The digital revolution has altered not just what we do but who we are. Electronic interconnection is a key feature of the modern community and we are diminished if deprived of it.
Electronic Diets no Better than the Other Kind
In a recent move, I found myself without a home Internet connection for a few days and wondered how I would respond to the change. I could easily have brought my laptop to the corner coffee shop with its wifi connection but in the interest of the experiment, I resolved not to do that. I also refrained from using a cell phone to access the Internet.
So how does an electronic diet feel? Not much better than going without meals. It is depressing. It produces an oppressive sense of isolation not too different from being trapped in a wilderness and cut off from human contact. Little productive work gets done without an electronic connection of some kind.
So it is hardly a stretch to claim that without electronic communication a modern human (or Homo Interneticus) is not a fully functioning member of the community. Conversely, frequent electronic communication fosters an intense sociability that begs comparison with other social species.
Texts as Contact Calls
The hallmark of a close social relationship is frequent contact. If frequency of contacts measures connection, then teenage peers enjoy an especially close relationship because friends may text each other as much as 20 times an hour or more (with the typical teen sending about 100 texts per day and 10 per hour according to surveys by Pew and Nielsen). Older generations are heavily involved as well and maintain a constant stream of messages with children and grandchildren.
Teens text each other for lots of different reasons but you could think about texts as a form of contact call (i. e., a communication that functions to keep social companions together). Most people are familiar with the clucking of a mother hen and the high-pitched cheeps that the chicks emit to inform her about their location, ensuring that they do not get left behind when the brood is on the move.
Clearly, contact calls are a life and death issue for the chick and they are given very often. Rather than twenty times an hour, they are given more than twenty times a minute. By that logic, chicks are sixty times closer to their mothers than teenagers are to their friends!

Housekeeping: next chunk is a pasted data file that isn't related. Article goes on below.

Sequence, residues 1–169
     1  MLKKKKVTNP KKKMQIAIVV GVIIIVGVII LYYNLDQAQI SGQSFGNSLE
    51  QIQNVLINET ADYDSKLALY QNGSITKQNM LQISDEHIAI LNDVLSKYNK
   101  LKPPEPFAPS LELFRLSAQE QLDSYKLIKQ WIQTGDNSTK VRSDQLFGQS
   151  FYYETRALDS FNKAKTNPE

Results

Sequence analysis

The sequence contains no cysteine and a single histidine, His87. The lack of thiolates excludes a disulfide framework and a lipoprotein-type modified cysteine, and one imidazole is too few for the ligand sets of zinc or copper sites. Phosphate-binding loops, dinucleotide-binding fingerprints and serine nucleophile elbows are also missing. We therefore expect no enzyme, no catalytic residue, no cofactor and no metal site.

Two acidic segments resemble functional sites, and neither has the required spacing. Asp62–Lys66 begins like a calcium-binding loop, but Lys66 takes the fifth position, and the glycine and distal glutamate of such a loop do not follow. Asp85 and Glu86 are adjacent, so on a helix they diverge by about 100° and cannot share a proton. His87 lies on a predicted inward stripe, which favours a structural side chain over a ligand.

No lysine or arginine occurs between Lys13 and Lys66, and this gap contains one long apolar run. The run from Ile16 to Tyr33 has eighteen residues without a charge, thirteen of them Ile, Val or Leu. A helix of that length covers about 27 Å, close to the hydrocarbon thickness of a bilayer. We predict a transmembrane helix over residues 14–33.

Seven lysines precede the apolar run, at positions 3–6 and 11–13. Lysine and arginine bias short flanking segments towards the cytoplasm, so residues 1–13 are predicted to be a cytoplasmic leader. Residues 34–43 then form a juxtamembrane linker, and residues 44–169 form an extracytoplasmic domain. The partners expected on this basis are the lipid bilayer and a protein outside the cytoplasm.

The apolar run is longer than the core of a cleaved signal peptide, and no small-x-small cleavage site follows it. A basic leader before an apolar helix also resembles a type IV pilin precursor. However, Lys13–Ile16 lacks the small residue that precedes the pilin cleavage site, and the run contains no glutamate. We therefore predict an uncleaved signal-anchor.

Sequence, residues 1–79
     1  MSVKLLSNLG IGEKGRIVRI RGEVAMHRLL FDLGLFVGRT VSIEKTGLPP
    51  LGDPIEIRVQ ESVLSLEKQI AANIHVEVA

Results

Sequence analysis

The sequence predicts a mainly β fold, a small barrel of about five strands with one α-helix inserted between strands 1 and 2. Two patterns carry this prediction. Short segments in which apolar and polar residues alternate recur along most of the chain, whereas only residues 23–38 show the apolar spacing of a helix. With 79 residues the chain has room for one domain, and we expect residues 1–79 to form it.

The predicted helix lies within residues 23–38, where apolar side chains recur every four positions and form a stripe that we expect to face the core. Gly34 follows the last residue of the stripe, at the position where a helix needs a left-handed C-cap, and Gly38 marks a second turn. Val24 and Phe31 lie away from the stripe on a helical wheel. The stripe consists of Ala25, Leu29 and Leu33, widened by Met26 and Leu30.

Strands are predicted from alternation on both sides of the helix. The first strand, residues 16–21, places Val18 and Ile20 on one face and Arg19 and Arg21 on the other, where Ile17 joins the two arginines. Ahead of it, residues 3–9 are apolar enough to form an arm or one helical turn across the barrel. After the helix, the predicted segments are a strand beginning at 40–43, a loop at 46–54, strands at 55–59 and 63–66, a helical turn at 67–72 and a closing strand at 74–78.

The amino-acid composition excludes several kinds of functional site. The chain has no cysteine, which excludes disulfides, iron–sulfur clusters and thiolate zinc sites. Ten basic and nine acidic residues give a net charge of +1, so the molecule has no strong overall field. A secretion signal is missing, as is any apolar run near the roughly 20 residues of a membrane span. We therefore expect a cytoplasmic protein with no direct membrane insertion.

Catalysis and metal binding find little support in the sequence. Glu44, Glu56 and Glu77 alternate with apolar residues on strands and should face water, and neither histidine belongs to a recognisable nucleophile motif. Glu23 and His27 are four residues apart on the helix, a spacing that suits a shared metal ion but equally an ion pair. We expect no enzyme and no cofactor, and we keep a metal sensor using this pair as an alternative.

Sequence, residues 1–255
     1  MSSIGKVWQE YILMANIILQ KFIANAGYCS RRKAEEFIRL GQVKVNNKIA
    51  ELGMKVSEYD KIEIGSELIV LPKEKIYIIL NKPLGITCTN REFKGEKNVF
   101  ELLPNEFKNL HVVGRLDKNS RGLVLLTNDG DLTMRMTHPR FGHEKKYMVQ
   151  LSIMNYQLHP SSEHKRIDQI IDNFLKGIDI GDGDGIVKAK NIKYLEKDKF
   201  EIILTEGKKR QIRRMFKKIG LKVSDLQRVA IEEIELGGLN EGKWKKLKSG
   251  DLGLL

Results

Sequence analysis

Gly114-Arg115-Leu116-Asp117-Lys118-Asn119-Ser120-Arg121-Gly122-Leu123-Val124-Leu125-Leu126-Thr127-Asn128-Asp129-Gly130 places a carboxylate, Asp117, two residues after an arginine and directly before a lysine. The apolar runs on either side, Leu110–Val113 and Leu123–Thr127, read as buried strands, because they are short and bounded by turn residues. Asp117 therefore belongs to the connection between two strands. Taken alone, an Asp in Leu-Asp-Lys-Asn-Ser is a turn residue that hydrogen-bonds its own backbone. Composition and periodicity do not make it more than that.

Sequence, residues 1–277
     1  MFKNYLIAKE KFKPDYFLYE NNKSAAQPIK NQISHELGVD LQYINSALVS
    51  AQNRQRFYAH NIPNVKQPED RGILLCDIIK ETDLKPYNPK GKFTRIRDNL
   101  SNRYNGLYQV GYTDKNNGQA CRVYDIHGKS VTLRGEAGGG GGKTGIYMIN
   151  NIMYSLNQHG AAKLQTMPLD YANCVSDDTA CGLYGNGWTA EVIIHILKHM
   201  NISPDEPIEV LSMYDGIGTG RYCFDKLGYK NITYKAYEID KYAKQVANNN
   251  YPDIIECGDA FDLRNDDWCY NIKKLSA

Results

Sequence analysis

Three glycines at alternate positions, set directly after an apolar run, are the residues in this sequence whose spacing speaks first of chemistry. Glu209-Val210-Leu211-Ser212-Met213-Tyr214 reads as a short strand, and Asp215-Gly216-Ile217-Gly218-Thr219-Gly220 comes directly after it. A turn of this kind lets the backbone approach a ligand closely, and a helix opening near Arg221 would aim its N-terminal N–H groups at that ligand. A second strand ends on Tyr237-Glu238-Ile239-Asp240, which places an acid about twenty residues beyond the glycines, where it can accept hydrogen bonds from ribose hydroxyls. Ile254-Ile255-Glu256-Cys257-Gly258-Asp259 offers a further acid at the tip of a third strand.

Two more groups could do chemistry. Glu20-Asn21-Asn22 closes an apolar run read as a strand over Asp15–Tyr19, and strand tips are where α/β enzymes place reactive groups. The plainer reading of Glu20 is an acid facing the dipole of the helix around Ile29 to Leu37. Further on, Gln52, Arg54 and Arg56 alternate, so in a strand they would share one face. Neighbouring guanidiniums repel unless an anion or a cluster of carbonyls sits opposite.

Teens use frequent electronic communication to maintain their social network and that phenomenon establishes their social identity with implications for status, friendships, and romance. So they are greatly put out if they find themselves vacationing in an electronic dead spot. The experience makes them feel socially diminished, not to mention feeling depressed and jittery.
Of course, teenagers are no different from everyone else in this respect except that their need for electronic contact is more intense mirroring the importance of their peer group.
Without Electronic Connection, a Person is no Longer Fully Human?
Social isolation has always impaired our capacity to be fully human. That is abundantly clear from what we know about feral children who survived without human companionship and subsequently find it very difficult to speak even a rudimentary language.
Isolation later in life produces analogous results and individuals who do not keep in practice by talking to themselves can lose the capacity to speak as illustrated by sailor Alexander Selkirk whose story formed the basis for the novel Robinson Crusoe.
So separation from the social network impairs our capacity to be fully human. Today, the social network is not just defined by oral language but by communication in electronic networks. A teenager who is denied the opportunity to text is cut off from their normal social network, as surely as if they had been placed on a remote deserted island. They are less than their normal selves and arguably less human.